Brighter Landlording

Aussie landlords warned of Airbnb subletting boom

by Karleen Jentz, Copywriter 27 October 2016

Australian tenants are reportedly earning higher yields than landlords by subletting rooms on the accommodation-sharing website Airbnb.

Savvy Airbnb operators are managing entire portfolios of spare rooms for rent by tenants seeking to offset rental costs.

The practice, detailed in a recent media survey, is a lucrative one for those who approach it like a business, with some estimating yields of up to 14 per cent – more than double a traditional residential return.

While government regulators worldwide are struggling to keep pace with the booming share economy, the practice of subletting itself is legal.

In Victoria, for example, a tenant needs written consent from their landlord to sublet a room. The same is true in Queensland.

“If the tenant would like to sublet a room they must have written permission from the property owner or manager,” said Residential Tenancy Authority (RTA) CEO Darren Barlow. “If the tenant and owner/agent agree they set their own terms.”

But legislation varies from state to state and it’s not always clear cut. In a general tenancy agreement in Queensland a tenant is responsible for damage caused to the property, minus fair wear and tear. But the state’s Residential Tenancies and Rooming Accommodation Act 2008 does not apply to short-term accommodation of less than six weeks.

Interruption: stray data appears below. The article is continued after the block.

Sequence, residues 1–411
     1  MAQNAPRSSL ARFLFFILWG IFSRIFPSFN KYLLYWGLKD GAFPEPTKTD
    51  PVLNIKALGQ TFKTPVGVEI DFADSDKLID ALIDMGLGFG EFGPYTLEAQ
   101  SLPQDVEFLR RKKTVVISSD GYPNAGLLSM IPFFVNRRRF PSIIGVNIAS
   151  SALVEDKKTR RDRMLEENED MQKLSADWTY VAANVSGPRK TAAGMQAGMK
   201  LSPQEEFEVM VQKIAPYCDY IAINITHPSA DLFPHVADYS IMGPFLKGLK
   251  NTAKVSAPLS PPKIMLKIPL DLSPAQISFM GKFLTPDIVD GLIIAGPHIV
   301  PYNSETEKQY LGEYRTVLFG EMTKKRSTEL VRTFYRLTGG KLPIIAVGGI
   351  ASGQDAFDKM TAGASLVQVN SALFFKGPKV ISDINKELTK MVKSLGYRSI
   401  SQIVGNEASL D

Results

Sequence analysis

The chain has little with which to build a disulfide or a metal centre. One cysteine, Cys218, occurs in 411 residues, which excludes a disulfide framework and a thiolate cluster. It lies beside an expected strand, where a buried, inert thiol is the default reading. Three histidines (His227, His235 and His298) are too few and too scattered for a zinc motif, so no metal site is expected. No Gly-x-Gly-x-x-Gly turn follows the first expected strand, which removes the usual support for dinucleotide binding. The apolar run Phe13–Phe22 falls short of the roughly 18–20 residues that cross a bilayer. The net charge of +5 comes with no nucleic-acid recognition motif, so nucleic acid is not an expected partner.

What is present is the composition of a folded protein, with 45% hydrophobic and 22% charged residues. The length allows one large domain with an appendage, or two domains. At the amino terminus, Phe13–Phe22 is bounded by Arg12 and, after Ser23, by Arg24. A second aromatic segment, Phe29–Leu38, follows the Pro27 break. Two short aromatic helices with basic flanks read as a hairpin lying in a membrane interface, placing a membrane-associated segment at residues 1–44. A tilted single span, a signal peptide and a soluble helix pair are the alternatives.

On Airbnb, tenants and hosts live and die by their online reviews, which deter bad behaviour but can’t prevent it altogether. So it pays for landlords and tenants to go into any short-term subletting arrangements with their eyes wide open and fully informed of the state and council regulations which apply in their local area.

The scale of the Airbnb subletting practice is difficult to quantify. A media survey in Melbourne identified about a dozen subletting operations. While the RTA believes the practice is not yet widespread in Queensland. Or at least it’s not a problem with only one dispute of the 26,000 the RTA handled in the past year related to Airbnb.

With Airbnb continuing to grow rapidly in Australia it is a phenomenon landlords and property managers should watch closely.

“More than just maximising your rental yield, a good property manager will give you peace of mind,” said Watt Realty CEO Justin Watt. “Clear communication will ensure landlords and tenants land on the same page when it comes to negotiating the terms of their rental agreement, and regular inspections and monitoring of short-stay websites on their clients’ behalf will turn up any unusual activity.”

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